‘The war for talent is over. Talent has won’, say HR gurus Conny Vandendriessche and Rika Coppens of House of HR when asked about the challenges on the labor market.
Desperate about the shortage on the labor market that is coming up in the next few years? A strong employer branding strategy can help you tap into the talent pool more successfully.
What is employer branding? First of all: branding!
Employer branding is a relatively ‘new’ concept – it was first defined in 1996. Like classic branding, it is about creating an image, – not in the minds of your customers, but those of potential employees (Ewing).
Many authors writing about employer branding also indicate that it is important to highlight the benefits of your organization: functional, economic, psychological… (Ambler & Barrow). In this way you make your organization attractive.
…but not quite
Where employer branding goes further – and immediately becomes more challenging – is that you can’t build it from scratch. After all, your employer brand is deeply rooted in your company’s culture.
All those different people who work for you – and especially how they behave – also determine your image as an organization (Mosley). It is an aspect that makes employer branding more difficult but also more interesting.
Because employer branding is crucial for your organization
Due to the shortage on the labor market, a lot of attention has been paid to employer branding and recruitment in recent years. And rightly so, because being or becoming an attractive employer offers numerous advantages. As our client Atlas Copco has known for years: happy employees make happy customers.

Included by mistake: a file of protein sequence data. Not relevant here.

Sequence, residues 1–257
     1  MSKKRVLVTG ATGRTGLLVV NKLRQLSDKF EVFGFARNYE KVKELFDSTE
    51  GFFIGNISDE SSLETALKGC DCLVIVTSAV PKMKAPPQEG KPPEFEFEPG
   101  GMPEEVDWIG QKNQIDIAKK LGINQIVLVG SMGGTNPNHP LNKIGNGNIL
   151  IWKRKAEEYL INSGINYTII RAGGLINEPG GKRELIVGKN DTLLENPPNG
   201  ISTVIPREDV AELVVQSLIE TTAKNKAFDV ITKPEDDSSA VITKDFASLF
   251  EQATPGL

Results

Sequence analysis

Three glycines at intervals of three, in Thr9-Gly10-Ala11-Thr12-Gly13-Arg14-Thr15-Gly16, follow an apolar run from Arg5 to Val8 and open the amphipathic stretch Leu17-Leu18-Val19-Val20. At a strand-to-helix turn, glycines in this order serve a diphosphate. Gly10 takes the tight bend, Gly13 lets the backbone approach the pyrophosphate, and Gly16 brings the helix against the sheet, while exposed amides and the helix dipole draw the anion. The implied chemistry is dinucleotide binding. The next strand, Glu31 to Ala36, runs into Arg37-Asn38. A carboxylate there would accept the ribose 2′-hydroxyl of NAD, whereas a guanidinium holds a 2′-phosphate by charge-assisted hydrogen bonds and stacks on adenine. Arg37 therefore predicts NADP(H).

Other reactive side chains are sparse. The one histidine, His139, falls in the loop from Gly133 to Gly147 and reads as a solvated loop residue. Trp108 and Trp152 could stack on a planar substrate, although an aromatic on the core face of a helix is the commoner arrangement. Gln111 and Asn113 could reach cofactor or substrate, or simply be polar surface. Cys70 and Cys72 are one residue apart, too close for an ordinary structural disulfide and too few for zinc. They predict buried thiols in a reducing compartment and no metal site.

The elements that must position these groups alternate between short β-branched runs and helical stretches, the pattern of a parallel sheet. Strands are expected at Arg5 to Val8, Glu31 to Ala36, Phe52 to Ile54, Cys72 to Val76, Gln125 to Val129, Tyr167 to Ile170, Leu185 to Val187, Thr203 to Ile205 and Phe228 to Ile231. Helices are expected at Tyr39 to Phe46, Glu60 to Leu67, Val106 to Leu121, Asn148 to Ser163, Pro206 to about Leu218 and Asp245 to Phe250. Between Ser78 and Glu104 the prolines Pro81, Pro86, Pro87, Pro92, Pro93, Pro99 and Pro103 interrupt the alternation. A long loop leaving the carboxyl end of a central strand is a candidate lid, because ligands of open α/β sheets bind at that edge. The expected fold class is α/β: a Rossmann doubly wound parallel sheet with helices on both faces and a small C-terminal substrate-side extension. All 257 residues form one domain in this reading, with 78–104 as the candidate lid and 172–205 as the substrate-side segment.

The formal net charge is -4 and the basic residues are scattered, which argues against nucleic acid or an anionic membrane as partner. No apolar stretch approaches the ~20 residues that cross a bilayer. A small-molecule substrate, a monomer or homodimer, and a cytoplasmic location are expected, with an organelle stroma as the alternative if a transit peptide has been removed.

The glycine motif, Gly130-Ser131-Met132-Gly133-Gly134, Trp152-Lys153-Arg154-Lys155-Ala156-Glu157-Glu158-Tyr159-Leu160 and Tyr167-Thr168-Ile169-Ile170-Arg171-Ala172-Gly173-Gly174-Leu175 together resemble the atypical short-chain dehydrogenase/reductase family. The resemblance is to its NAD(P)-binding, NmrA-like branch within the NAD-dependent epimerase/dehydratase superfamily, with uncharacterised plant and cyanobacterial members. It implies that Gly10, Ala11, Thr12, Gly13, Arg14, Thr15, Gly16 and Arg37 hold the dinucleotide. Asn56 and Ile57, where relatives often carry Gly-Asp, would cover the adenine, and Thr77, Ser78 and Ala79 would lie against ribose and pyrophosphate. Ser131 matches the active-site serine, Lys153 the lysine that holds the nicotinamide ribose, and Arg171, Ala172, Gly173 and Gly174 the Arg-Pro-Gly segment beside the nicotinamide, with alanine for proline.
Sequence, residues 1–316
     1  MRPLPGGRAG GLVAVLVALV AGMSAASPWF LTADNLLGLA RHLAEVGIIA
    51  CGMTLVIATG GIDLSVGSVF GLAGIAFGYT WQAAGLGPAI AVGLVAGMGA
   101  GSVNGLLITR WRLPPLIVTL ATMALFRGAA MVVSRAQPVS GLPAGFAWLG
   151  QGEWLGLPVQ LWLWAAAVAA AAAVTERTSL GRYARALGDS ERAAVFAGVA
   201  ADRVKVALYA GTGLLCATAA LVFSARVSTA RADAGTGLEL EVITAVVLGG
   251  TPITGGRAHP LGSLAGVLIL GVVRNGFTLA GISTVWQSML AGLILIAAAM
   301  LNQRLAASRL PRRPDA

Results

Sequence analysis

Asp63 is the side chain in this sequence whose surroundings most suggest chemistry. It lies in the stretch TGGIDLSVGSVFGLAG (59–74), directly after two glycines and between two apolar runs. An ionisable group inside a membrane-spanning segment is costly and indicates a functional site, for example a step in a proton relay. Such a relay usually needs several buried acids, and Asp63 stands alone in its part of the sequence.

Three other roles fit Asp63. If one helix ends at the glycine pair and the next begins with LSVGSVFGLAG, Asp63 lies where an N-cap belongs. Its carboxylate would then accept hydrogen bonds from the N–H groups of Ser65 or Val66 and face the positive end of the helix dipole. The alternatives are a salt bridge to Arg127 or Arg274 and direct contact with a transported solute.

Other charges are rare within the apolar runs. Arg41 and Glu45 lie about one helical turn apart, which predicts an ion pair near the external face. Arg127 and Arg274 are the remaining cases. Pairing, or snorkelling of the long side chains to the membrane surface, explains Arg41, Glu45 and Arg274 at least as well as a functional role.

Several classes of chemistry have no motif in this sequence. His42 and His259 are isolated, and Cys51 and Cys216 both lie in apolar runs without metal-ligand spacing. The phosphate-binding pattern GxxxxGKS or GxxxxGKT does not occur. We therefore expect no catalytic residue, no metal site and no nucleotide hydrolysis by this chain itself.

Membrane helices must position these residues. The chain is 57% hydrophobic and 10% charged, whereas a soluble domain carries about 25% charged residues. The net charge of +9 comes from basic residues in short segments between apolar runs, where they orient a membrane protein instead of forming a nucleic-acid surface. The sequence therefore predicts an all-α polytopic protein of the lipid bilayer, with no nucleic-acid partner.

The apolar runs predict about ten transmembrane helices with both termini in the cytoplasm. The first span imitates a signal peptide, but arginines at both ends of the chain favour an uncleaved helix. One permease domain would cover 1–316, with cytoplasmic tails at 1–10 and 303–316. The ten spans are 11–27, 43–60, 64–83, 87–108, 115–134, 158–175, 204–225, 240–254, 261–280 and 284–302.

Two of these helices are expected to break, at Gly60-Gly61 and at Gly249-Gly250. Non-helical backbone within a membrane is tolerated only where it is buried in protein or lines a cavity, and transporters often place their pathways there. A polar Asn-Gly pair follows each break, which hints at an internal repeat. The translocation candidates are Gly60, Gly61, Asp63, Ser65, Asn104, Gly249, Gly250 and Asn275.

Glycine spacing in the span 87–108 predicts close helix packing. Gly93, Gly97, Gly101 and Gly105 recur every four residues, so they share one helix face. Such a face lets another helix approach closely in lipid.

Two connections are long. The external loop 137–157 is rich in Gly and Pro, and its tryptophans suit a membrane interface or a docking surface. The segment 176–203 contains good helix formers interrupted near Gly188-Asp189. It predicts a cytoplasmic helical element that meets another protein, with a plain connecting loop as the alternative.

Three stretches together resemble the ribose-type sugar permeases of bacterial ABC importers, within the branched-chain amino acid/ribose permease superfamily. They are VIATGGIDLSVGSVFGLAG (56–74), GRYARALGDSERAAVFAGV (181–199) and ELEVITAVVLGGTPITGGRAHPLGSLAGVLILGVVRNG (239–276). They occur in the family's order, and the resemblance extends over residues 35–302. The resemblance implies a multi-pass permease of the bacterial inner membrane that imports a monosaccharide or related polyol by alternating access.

Moreover, companies with a strong employer brand would be more successful in recruiting at a lower cost. They would also have better relationships with their employees, manage to retain people better (retention) and even offer lower salaries than their colleagues with weaker employer branding (Ritson).
So how do you become ‘a great place to work’? Tim Ambler & Simon Barrow  sum it up well: you want to spontaneously evoke the image of ‘we are a great place to work’ in the minds of your (potential) employees.
The question is: how do you do that? How do you link your company name to things that evoke a nice feeling? How does your organization become an attractive employer?
Three must-have elements of an employer brand
Three elements are crucial to a good employer brand:
- accurate information about your organization, and thus the credibility of your employer brand
- awareness of your employer brand
- relevance of your employer brand
Accurate: do the reality check
Research shows that the credibility of your employer brand depends on the accuracy of your message. Future employees will check if what you say corresponds with the image they get of your organization through other channels.
And because choosing an employer is such an important decision, they will listen to family, friends and other people who already work for your company. Does the image you present match reality? This is the key question that will determine whether your employer branding works or not.
Case: a study that we did for a consultancy company confirms this.